Logged In As Admin: {{reverbUser.name}} ({{reverbUser.id_unique()}}), Acting As: {{reverbPageObject.data.name}} ({{reverbPageObject.id_unique}})

The Moses Gun / Press

“This is a good collection of interesting tracks full of flashbacks to everything from maybe Simon/Garfunkel meet Pearl Jam, on the "Intro" track, to the glory of heavy bass from Rush, on the '70s look back "The Ballad of Rueben Kincaid", yeah, remember the Partridge Family? If you had to compare them to anyone directly it would probably be Pearl Jam with tracks like "Jewelry Box" and "Stream of Consciousness", bringing out Mullens' early Eddie Vedder sound on vocals, without the hard edge of course.”

“...The self-titled full length, released on Chicago’s DKT records, is high-energy. Metal riffs offset frantic power-chords; the high-end crackle on distorted guitars is mellowed by singer Vell Mullen’s voice, a guttural swell of emotion. The Moses Gun is like a timeline bent over itself and turned to a circle, bringing together rock sounds from the last 30-odd years into one pounding album. The album is heavy for the most part, though Mullen and bassist Rich Harris know dynamics. The soft melody and harmony on “Better Things” brings to mind Pinback instead of Bad Brains.”

“This scorching Chicago duo return for a proper full length release after generating a well deserved Midwestern buzz with their first EP. On their self-titled effort, The Moses Gun, bassist Rich Harris and guitarist/vocalist Vell Mullens, hone their sound into a cohesive yet bombastic assault, displaying greater subtly and dexterity than their previous work"..."If the Mayans are right about 2012, I want this one playing during our grand send-off.”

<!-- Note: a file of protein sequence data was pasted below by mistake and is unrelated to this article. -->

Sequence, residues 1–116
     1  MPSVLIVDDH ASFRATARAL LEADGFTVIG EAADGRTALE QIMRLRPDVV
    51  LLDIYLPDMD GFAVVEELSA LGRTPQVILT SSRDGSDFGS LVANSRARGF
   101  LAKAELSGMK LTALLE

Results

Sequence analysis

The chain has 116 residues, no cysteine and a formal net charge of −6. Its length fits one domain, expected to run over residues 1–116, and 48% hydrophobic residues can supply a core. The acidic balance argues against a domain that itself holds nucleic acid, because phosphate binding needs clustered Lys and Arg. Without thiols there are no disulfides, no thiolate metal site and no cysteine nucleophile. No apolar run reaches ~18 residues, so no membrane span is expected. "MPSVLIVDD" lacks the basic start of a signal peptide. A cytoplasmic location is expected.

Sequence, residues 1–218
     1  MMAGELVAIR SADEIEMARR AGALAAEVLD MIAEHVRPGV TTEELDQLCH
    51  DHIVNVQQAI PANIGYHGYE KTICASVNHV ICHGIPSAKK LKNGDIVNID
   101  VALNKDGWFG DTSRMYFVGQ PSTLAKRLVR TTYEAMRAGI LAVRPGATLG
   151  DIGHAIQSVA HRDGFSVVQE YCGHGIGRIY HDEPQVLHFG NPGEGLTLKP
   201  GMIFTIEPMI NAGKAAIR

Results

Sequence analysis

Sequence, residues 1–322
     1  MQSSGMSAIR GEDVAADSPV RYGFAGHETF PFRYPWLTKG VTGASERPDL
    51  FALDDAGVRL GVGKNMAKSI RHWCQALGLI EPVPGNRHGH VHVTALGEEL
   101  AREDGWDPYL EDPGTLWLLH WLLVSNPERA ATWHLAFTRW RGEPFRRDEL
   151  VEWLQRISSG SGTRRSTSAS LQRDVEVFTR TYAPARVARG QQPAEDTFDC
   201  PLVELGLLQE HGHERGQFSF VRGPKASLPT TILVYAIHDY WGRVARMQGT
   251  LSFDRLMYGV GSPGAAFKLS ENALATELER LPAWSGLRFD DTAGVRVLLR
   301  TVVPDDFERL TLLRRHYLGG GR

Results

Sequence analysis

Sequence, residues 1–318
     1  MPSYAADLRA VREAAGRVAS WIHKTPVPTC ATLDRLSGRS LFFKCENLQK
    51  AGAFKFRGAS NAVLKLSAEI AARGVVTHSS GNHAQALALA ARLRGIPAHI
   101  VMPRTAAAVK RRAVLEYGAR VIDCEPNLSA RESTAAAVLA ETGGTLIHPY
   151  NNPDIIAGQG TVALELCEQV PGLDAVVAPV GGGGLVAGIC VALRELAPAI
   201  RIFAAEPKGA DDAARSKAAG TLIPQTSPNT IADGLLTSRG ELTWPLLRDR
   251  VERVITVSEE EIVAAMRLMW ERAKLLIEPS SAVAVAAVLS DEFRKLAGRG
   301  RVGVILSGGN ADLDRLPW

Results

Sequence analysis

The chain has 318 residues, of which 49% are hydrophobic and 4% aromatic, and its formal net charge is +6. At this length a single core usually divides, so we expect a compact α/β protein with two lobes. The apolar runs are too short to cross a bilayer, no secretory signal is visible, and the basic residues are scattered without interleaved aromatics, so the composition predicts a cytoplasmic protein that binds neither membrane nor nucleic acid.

“The Moses Gun unleashes a revved-up version of grunge on its self-titled EP. The trio mixes in other elements as well, especially on “Broken Neck,” which includes avant garde jazz amid its multiple tempo changes. “Ashley” is a spirited instrumental while “Perfect Wea-ther” serves as the band’s hard-edged version of romance.”

"This five-song, 17-minute EP introduces a raw and messy sound...The Strobe Session can be an invigorating listen that sounds better with each subsequent, mind-fuzzed spin...awesome (and downright inspiring) guitar work"

“The five songs on The Strobe Session EP create quite a clamor. The Moses Gun blends elements of noise into highly kinetic rock that could be labeled punk if they were not so skilled at their instruments. The Moses Gun takes traditional rock and stretches it into a multitude of directions, crafting something fun and unencumbered. Even when the lines “I want you, I need you” are uttered in “Perfect Weather”, they are delivered with a passion and a conviction that stops them from sounding stale. Of course, they are also juxtaposed with lines like “I remember pulling splinters from my hands” and “I remember getting high with you.” Some bands are just cool, and The Moses Gun fit that category.”

“The set by Moses Gun had its thrills and chills especially during its opening instrumental piece, Ashley...did enjoy the hardcore melodic vibe of their rock sound ...the intense rises and falls within the heart-pounding tempos. None of that was lacking during, Phlox, Crumble Away and closer Walk It Off. Moses made sure the audience was completely immersed into its rock music. Yet, it was the vocals where it truly mattered to vividly express the sentiments written inside the lyrics in which she felt the vocalist was holding back his truest, deepest feelings. This reviewer suggests getting more in tuned to the words to draw out the emotions.”

“From the furious indie-rock of “Gold” to the reflective acoustic sound of “Better Things,” The Moses Gun demonstrates an admirable ability to expand the map when it comes to genre and form”

“a new demo showcased on its Web page...holds plenty of promise for an actual album or EP, from the martial grooves of the verses yielding to the anthemic indie-rock choruses of “Gold” to the tuneful hard rock of “Stream of Consciousness,” which brings to mind Living Color jamming with Dinosaur, Jr”